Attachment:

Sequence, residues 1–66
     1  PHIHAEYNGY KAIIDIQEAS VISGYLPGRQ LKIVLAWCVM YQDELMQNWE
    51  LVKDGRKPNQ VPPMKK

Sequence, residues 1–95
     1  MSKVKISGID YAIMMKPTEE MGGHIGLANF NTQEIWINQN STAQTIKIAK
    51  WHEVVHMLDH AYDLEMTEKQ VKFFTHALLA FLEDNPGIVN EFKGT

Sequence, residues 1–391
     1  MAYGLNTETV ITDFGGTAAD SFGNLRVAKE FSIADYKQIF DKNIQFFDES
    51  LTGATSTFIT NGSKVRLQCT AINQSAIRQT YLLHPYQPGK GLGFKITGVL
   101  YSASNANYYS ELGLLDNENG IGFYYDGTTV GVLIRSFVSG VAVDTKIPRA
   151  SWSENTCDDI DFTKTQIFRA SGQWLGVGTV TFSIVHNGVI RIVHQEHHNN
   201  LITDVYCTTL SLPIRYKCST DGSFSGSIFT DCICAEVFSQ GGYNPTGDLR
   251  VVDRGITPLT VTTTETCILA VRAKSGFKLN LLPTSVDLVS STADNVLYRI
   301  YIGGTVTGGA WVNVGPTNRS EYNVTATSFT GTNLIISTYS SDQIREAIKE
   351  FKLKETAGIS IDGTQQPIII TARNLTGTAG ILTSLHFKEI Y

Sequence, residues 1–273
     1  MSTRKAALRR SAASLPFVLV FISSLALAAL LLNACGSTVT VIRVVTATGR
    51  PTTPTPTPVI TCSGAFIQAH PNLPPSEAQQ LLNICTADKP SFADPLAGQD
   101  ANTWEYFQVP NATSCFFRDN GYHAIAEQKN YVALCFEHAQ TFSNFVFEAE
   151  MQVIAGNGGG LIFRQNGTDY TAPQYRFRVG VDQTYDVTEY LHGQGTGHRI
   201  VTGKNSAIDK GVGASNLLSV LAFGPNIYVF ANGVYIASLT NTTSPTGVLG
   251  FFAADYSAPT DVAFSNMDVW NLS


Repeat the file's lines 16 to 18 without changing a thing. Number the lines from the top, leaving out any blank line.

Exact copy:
Sequence, residues 1–273
     1  MSTRKAALRR SAASLPFVLV FISSLALAAL LLNACGSTVT VIRVVTATGR
    51  PTTPTPTPVI TCSGAFIQAH PNLPPSEAQQ LLNICTADKP SFADPLAGQD